When you’re clear about your professional purpose, the job search becomes easier. You can focus on finding a good fit for what you have to offer.
Sara Francis has been able to reach that point in her career, through focused study, patience, and an emphasis on innovation. Find out how Sara built her communications career and landed her job as a communications specialist at national firm Booz Allen Hamilton.
What do you do for a career? Who do you work for?
I am a Public Relations/Public Affairs/Communications professional. I have a wide skill set that boils down to a couple main points: I write a lot and communicate across mediums to share information with the intended audience.
How long did it take you to find this job?
This one didn’t take too long, thankfully.
I had been working as an Air Force Public Affairs Specialist so I had the background. It was a very good fit and they knew it. However, before that, I’ve had job searches take anywhere from three months to eight months just to get something! Sometimes with some really heartbreaking rejections.
How did you find your job? What resources did you use? What tool or tactic helped the most?
For this job with Booz Allen Hamilton, I applied on their website and made sure I emphasized my Department of Defense experience as well as my education (Masters in Strategic Public Relations).
What was the most difficult part of your job search? How did you overcome this challenge?
I think for most job searches, the biggest obstacle is being a faceless name. Everyone wants you to apply online anymore. Networking is so hard, but it is key most of the time. Being available, being human, being out there makes a huge difference.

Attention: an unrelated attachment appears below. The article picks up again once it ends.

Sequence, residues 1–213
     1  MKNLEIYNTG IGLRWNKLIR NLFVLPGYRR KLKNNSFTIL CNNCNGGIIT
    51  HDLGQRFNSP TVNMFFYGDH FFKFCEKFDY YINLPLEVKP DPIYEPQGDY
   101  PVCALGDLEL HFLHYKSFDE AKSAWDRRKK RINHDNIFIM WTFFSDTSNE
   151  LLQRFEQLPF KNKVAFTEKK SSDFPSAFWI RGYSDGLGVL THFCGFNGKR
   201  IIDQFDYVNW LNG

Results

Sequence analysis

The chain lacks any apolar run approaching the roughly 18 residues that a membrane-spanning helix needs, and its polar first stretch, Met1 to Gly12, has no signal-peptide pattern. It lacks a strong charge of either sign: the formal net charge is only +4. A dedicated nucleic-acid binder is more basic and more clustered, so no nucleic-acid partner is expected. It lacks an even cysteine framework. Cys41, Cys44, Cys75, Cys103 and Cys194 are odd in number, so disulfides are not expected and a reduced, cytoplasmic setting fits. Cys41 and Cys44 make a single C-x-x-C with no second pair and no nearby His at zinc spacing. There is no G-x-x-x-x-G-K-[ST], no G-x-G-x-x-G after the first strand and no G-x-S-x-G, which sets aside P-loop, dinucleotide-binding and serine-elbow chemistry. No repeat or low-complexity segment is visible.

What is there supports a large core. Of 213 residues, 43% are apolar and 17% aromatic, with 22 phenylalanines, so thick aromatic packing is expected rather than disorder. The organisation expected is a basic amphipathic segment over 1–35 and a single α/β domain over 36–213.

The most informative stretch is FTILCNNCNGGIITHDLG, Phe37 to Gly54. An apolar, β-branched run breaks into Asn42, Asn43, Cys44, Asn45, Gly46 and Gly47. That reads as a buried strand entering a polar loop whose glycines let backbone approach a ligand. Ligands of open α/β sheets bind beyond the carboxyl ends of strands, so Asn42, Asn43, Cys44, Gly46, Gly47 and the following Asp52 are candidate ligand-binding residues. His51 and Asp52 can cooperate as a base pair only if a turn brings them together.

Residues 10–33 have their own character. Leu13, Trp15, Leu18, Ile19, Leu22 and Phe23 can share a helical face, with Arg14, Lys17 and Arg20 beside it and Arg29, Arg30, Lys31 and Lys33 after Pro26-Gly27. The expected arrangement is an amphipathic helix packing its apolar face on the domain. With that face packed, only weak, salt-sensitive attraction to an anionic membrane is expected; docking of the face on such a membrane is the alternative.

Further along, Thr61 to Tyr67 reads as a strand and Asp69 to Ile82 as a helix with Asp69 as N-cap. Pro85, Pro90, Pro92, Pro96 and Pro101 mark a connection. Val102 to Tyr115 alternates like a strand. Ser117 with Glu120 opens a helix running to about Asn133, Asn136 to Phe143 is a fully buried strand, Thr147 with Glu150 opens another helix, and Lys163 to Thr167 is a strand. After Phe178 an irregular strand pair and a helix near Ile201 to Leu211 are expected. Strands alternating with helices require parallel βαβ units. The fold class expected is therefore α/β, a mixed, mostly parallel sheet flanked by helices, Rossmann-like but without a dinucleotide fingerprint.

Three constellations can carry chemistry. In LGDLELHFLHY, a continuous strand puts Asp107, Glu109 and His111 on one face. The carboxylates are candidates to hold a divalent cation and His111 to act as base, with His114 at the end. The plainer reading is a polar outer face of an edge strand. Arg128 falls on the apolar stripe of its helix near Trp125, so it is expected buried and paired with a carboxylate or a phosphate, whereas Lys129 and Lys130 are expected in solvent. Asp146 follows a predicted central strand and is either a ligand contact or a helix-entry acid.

Even if you only have a few minutes to go in and talk and say hello, that short introduction can make a difference when the department sees your resume come across their desk.
What is the single best piece of advice you would offer other job-seekers?
PATIENCE! I know looking for a job is terrible, and rejections can breed so much self-doubt. Stay confident in your skills and abilities and know that you will find something. Also, don’t be afraid to aim high! Apply to a job you want, even if it’s a little bit of a reach–within reason, though; be realistic.
And remember: you can always be the one to say no if a job doesn’t seem right for you.
Why do you love your job?
Well, I just started so I’m not sure yet! But when I have loved a job in the past, it is usually because of the people and the culture of the place I work.
Also the Air Force does encourage you to be proactive, not just reactive. It’s in the culture to respectfully question a process or a structure. You might be surprised by the response, you might not, but either way, they do encourage you to speak up. Innovation in all areas is always welcome.
Want to learn more? Connect with Sara on LinkedIn.